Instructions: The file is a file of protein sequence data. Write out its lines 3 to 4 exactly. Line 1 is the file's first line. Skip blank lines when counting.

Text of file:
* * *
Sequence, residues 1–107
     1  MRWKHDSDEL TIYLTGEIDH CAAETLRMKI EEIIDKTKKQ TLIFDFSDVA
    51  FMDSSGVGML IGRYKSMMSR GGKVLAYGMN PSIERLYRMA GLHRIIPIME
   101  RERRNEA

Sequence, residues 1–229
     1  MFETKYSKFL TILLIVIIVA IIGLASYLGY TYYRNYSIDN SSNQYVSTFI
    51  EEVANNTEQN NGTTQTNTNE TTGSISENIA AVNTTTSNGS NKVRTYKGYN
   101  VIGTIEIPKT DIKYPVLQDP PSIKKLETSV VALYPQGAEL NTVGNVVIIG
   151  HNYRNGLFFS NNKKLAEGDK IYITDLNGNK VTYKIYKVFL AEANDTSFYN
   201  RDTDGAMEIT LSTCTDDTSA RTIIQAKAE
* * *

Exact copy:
    51  FMDSSGVGML IGRYKSMMSR GGKVLAYGMN PSIERLYRMA GLHRIIPIME
   101  RERRNEA